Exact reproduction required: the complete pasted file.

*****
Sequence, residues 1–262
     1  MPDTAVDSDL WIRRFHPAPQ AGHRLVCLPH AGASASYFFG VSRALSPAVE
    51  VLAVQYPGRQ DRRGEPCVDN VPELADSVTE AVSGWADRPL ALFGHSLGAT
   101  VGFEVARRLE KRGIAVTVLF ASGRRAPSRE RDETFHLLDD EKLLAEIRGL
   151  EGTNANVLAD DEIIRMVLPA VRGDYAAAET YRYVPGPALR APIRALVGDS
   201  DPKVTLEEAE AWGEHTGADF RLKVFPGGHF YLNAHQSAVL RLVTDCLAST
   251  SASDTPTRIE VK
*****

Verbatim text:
Sequence, residues 1–262
     1  MPDTAVDSDL WIRRFHPAPQ AGHRLVCLPH AGASASYFFG VSRALSPAVE
    51  VLAVQYPGRQ DRRGEPCVDN VPELADSVTE AVSGWADRPL ALFGHSLGAT
   101  VGFEVARRLE KRGIAVTVLF ASGRRAPSRE RDETFHLLDD EKLLAEIRGL
   151  EGTNANVLAD DEIIRMVLPA VRGDYAAAET YRYVPGPALR APIRALVGDS
   201  DPKVTLEEAE AWGEHTGADF RLKVFPGGHF YLNAHQSAVL RLVTDCLAST
   251  SASDTPTRIE VK